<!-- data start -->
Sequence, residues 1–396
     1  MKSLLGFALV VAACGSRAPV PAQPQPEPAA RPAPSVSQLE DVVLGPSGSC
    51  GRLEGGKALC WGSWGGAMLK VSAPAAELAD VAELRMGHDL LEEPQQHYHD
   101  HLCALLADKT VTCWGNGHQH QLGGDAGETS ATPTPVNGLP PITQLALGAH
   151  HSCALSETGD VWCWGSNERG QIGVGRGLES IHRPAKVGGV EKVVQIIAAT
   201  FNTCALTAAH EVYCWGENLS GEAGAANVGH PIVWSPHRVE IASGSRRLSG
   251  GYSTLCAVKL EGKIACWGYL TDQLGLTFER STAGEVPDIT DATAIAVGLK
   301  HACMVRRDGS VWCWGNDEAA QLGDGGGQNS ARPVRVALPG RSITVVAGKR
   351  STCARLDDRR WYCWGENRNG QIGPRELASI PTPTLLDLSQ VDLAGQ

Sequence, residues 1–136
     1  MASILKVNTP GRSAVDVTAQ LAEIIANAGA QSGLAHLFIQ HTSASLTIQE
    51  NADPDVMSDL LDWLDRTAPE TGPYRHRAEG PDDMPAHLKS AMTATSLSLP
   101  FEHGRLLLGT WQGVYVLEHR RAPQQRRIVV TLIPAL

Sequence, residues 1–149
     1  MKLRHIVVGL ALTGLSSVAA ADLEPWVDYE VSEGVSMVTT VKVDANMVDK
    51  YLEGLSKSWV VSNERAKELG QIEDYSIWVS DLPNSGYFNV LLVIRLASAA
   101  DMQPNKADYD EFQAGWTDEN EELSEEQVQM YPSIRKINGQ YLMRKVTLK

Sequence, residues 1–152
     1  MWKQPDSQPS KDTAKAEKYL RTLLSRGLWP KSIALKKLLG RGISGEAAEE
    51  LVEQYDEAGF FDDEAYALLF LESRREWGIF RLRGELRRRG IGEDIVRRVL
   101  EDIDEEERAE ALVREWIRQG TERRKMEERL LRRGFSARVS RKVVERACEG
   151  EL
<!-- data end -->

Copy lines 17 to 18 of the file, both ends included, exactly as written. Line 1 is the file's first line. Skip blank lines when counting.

   101  DMQPNKADYD EFQAGWTDEN EELSEEQVQM YPSIRKINGQ YLMRKVTLK

Sequence, residues 1–152